Graduates of the SLIM Master of Library Science degree program will be able to evaluate, critique, and discuss new research in the field; assess library or information problems and identify an appropriate research method.
Artifact: Presentation – “Brain, Cognition, Construction”
Link to Presentation
Link to Cognitive Overload Information Sheet
MLS Outcomes: 5, 6, 7
MLS Values: 4
LI 802: Theoretical Foundations of Service – Diagnosis and Customization taught students a psychological approach in diagnosing user information needs. Through the study of psychological models such as Kelly’s personal construct theory and Gardner’s theory of multiple intelligences, we learned to apply cognitive and psychological research in order to understand individual information behavior, with the eventual goal of using those theories to create and implement targeted information services. These studies were complemented by Dervin’s Sense-Making Theory (1983), which talks about the information gap that opens when someone confronts an incongruity or lack in their construct of knowledge (what Belkin  described as an Anomalous State of Knowledge, or ASK) and how a searcher has to build a sense of that gap in order to resolve it; and by Kuhlthau’s Information Search Process (2004), which talks about the cognitive and affective stages through which a researcher will move when searching for information to resolve those gaps.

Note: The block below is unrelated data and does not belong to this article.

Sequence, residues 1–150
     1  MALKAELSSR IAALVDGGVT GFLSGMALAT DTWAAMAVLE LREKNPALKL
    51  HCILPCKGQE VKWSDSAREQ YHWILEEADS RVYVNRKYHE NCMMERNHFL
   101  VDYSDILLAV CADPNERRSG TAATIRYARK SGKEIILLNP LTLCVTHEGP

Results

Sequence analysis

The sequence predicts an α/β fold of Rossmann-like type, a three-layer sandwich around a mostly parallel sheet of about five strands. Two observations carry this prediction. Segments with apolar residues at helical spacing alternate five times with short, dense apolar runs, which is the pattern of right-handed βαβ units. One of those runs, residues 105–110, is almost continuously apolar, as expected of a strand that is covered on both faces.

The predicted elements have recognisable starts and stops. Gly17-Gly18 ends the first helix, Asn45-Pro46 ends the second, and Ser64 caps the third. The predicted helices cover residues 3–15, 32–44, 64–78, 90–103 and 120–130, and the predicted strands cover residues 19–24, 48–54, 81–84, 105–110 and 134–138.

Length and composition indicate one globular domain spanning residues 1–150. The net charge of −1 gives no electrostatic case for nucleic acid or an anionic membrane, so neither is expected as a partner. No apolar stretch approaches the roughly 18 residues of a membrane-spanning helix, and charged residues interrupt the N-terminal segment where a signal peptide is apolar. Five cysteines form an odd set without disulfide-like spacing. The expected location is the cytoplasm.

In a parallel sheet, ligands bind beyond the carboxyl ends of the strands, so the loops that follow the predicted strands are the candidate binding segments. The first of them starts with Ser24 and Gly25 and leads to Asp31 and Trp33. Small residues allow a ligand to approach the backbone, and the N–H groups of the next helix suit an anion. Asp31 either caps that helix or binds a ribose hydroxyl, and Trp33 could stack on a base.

This presentation and associated information sheet focused on the relationship between perception and cognition, exploring the different ways in which a human brain makes meaning and gives rise to the mind based on available information by answering the question: “What is thought without language?” I researched the work of brain scientists and psychologists working in fields such as left/right brain relationships, synesthesia, holistic brain processing, cognitive overload, and neuron function in order to show that the brain constructs not only meaning and knowledge, but also perception and sensation. In doing the research for this presentation, I tailored my own process to the cognitive and affective stages of Kuhlthau’s Information Search Process. Furthermore, I communicated my findings to a small group of fellow students, tailoring my delivery to their specific learning styles. In doing so I learned to understand and identify salient characteristics and factors related to a person’s perspective as they search for information. This shows I am able to locate, evaluate, and integrate theory from both library science and psychology in order to solve problems related to the information search process and suggest appropriate directions for search and use of information.